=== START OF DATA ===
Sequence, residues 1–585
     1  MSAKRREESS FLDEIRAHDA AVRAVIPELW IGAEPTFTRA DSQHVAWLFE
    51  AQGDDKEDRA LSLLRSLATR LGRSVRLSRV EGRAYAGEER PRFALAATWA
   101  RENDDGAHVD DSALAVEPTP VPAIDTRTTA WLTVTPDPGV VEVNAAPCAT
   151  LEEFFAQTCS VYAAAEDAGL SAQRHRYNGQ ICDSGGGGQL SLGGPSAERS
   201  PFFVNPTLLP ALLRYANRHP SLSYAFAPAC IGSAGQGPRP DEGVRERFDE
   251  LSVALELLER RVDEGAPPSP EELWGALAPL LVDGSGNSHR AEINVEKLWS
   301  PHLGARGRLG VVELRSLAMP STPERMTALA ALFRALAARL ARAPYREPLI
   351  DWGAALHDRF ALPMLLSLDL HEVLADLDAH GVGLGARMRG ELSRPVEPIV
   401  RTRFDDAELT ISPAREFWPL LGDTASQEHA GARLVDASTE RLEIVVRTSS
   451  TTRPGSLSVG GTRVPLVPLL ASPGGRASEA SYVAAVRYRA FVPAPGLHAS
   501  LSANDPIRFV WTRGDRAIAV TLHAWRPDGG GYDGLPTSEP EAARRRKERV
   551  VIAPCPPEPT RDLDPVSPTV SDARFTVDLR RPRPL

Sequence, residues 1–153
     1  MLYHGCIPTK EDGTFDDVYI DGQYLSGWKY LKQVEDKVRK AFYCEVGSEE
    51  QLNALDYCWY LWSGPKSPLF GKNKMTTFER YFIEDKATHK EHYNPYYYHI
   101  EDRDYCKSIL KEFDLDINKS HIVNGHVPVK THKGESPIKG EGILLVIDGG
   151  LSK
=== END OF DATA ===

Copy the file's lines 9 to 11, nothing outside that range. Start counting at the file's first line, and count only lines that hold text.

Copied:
   351  DWGAALHDRF ALPMLLSLDL HEVLADLDAH GVGLGARMRG ELSRPVEPIV
   401  RTRFDDAELT ISPAREFWPL LGDTASQEHA GARLVDASTE RLEIVVRTSS
   451  TTRPGSLSVG GTRVPLVPLL ASPGGRASEA SYVAAVRYRA FVPAPGLHAS